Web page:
Can banks be a force for good in the world? We think so. After all, when you deposit money in the bank, it doesn’t just sit there. Banks send as much as 90% of customer deposits back out into the world. Some of that money goes toward financing home loans, car loans, and local businesses. It can also go toward large scale projects, some of which may not align with your personal values.
What on Earth Is Your Bank Financing?
At Bank of the West, what we don’t finance is just as important as what we do. We don’t support ventures we believe to be environmentally destructive.
What We Don’t Finance
Click on each area for our detailed policy:
Catastrophic accidents, especially oil spills, open the door to widespread destruction in currently pristine, unindustrialized environments.
Coal-fired power generation is a large emitter of carbon dioxide, accounting for 30% of energy-related CO2 emissions. In response, we restrict the financing of coal-fired power plants that are not actively involved in the energy transition.
Unconventional oil and gas projects may endanger water, soil, and air quality due to the resources necessary for extraction as well as increased potential for oil spills.
While tobacco is bad for people, it’s worse for the environment. Cigarette butts are the #1 source of micro-plastics found in wildlife.
Palm oil provides a source of revenue and ensures subsistence for millions of people living in developing countries. However, operating these plantations can have a range of negative effects on local communities, climate change, and ecosystems.
As the demand for paper-based products grows over the next decade, this development will have a major impact on our planet’s environment.
Bank of the West Is Pledging $1 Billion to Finance Energy Transition
In support of global energy transition, we’ve also committed $1 billion in financing, over the next five years, to investments in green technology like hydroelectric and solar power sources; financing new construction that are LEED certified and energy efficient; and discounts on both loans for electric vehicles and home equity lines of credit for solar panels.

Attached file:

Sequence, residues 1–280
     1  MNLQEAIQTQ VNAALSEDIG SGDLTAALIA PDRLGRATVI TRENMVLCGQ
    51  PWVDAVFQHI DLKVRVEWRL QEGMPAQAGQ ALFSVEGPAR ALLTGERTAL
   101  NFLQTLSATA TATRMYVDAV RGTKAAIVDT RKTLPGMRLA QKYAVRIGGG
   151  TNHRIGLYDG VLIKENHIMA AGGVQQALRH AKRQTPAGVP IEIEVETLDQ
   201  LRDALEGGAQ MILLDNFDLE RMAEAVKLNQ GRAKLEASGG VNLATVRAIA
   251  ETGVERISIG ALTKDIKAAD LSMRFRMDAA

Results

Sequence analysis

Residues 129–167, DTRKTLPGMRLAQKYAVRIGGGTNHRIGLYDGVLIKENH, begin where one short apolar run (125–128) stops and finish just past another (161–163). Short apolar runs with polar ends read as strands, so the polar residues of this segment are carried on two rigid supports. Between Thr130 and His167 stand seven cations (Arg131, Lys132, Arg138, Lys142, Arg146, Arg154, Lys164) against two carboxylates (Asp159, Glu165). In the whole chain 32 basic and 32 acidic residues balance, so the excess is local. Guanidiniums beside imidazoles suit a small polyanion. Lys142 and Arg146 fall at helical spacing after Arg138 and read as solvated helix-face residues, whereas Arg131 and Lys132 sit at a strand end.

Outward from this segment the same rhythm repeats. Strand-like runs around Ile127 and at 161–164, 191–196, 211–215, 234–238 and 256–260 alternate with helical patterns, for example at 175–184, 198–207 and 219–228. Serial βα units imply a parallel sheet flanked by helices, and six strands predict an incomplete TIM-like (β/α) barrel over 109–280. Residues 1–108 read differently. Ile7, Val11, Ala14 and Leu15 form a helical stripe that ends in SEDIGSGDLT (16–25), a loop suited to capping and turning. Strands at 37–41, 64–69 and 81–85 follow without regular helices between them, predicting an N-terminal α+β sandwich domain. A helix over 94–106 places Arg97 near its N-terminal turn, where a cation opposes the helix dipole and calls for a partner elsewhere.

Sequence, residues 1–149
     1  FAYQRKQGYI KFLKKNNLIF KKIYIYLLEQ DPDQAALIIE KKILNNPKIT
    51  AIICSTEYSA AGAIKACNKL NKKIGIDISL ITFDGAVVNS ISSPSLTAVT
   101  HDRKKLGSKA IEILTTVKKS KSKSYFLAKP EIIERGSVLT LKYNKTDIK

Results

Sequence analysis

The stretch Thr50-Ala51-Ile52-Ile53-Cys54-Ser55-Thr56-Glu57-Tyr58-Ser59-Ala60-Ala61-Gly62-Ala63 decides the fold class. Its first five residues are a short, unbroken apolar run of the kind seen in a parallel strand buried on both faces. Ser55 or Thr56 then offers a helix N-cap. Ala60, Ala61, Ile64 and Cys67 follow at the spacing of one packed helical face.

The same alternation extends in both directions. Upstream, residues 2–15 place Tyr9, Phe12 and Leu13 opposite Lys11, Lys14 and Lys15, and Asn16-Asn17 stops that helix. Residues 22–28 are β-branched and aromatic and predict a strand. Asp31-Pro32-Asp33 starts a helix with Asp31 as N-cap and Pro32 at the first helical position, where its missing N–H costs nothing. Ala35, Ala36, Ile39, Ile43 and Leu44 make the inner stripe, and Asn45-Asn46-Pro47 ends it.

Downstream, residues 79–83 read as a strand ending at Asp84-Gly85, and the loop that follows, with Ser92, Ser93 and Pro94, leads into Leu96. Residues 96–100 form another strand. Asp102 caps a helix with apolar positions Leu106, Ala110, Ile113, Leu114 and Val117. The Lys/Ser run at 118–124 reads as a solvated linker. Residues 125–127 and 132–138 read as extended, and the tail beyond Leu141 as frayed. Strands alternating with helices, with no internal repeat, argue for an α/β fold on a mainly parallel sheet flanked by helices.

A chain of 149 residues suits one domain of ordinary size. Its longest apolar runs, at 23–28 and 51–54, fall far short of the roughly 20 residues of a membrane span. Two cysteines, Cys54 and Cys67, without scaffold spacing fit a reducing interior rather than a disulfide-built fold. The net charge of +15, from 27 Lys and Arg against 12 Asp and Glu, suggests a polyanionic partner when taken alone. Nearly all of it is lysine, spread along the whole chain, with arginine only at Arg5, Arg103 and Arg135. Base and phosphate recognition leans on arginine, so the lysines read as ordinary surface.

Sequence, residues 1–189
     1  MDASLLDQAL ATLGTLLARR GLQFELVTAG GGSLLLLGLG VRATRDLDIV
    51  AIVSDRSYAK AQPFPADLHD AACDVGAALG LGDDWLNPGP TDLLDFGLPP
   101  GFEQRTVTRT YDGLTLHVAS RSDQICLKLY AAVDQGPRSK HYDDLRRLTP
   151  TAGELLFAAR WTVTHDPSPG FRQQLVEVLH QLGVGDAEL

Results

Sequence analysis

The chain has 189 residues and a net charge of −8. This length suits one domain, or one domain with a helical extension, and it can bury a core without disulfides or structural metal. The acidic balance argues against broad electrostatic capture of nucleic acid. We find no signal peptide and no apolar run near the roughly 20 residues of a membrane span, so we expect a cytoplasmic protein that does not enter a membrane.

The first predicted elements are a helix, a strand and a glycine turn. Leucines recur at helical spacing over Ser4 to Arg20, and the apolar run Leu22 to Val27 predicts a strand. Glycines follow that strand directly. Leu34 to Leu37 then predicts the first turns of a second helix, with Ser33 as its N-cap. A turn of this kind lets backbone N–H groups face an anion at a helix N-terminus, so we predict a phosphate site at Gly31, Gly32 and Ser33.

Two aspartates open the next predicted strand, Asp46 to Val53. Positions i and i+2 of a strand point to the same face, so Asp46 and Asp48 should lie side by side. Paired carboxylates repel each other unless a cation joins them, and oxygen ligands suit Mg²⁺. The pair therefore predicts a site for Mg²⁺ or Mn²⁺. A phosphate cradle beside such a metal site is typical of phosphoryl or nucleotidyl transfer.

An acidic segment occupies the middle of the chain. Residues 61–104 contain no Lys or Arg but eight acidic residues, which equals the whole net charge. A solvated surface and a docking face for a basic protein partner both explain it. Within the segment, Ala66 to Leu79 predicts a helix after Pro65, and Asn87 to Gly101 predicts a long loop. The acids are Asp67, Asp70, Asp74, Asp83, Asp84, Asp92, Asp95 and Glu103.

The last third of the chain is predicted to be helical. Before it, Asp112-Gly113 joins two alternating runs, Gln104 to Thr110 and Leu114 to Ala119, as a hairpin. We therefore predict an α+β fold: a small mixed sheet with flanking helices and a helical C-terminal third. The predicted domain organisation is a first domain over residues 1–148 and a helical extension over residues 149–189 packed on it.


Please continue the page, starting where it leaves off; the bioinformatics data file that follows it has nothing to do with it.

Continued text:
Global Perspectives: The United Nations Agenda for Sustainable Development
Bank of the West recognizes that energy transition initiatives can only succeed as part of a global effort involving governments working with private sector and civic groups. That’s why we actively support the 17 Sustainable Development Goals (SDGs) adopted by world leaders at a historic UN summit in September 2015.
Each of the UN’s goals has specific targets to be achieved over the next 15 years, and we monitor our progress in providing loans to companies that have directly contributed to achieving those objectives.
In fact, our parent company, BNP Paribas Group, was one of the first companies to include the United Nations’ SDGs as part of its Corporate Social Responsibility strategy. In 2019, the Group was named “World’s Best Bank for Sustainable Finance.”
We are striving to develop a culture where sustainability is part of the fabric of our organization and the business decisions we make. Through our policies and practices, we are taking a leadership role in working with civic entities, humanitarian agencies, and environmental groups include:
- Ocean Conservancy, NatureBridge, and Sustainable Ocean Alliance: Working with leading organizations dedicated to ocean cleanup and conservations helps us advocate for a cleaner planet
- Grameen Bank: Our investments in microfinance will help aspiring women entrepreneurs create more than 12,000 new small businesses and add 21,000 new jobs in low-income communities throughout the U.S.
- Whitaker Peace Development Initiative: Our five-year partnership is designed to foster peace and conflict resolution, and encourage entrepreneurial initiatives among young people in Greater Los Angeles and South Africa
Conscientious Choices Make for Long-Term Prosperity
At Bank of the West, we choose to support the global transition to a low-carbon, sustainable economy—by what we are doing, and just as importantly, by what we aren’t. Most of us go to banks to safeguard our money and by extension our future. Today, to care about the future, you’ve got to care about the environment. It’s that simple.